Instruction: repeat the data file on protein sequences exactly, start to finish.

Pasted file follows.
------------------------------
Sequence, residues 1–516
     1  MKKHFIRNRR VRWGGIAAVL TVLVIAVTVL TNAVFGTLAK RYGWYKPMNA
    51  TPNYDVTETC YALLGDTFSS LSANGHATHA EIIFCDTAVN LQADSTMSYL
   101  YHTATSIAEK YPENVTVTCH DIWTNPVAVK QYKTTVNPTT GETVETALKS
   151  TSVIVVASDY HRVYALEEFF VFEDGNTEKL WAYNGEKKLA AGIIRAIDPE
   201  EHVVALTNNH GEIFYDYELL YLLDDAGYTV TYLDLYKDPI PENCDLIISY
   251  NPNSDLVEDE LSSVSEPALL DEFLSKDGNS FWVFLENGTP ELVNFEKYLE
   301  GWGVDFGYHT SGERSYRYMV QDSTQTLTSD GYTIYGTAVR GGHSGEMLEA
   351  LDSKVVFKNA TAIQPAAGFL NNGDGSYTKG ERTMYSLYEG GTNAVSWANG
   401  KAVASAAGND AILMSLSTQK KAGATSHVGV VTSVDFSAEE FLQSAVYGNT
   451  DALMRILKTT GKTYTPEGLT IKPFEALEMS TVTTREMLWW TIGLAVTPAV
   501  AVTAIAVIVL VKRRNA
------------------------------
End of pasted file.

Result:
Sequence, residues 1–516
     1  MKKHFIRNRR VRWGGIAAVL TVLVIAVTVL TNAVFGTLAK RYGWYKPMNA
    51  TPNYDVTETC YALLGDTFSS LSANGHATHA EIIFCDTAVN LQADSTMSYL
   101  YHTATSIAEK YPENVTVTCH DIWTNPVAVK QYKTTVNPTT GETVETALKS
   151  TSVIVVASDY HRVYALEEFF VFEDGNTEKL WAYNGEKKLA AGIIRAIDPE
   201  EHVVALTNNH GEIFYDYELL YLLDDAGYTV TYLDLYKDPI PENCDLIISY
   251  NPNSDLVEDE LSSVSEPALL DEFLSKDGNS FWVFLENGTP ELVNFEKYLE
   301  GWGVDFGYHT SGERSYRYMV QDSTQTLTSD GYTIYGTAVR GGHSGEMLEA
   351  LDSKVVFKNA TAIQPAAGFL NNGDGSYTKG ERTMYSLYEG GTNAVSWANG
   401  KAVASAAGND AILMSLSTQK KAGATSHVGV VTSVDFSAEE FLQSAVYGNT
   451  DALMRILKTT GKTYTPEGLT IKPFEALEMS TVTTREMLWW TIGLAVTPAV
   501  AVTAIAVIVL VKRRNA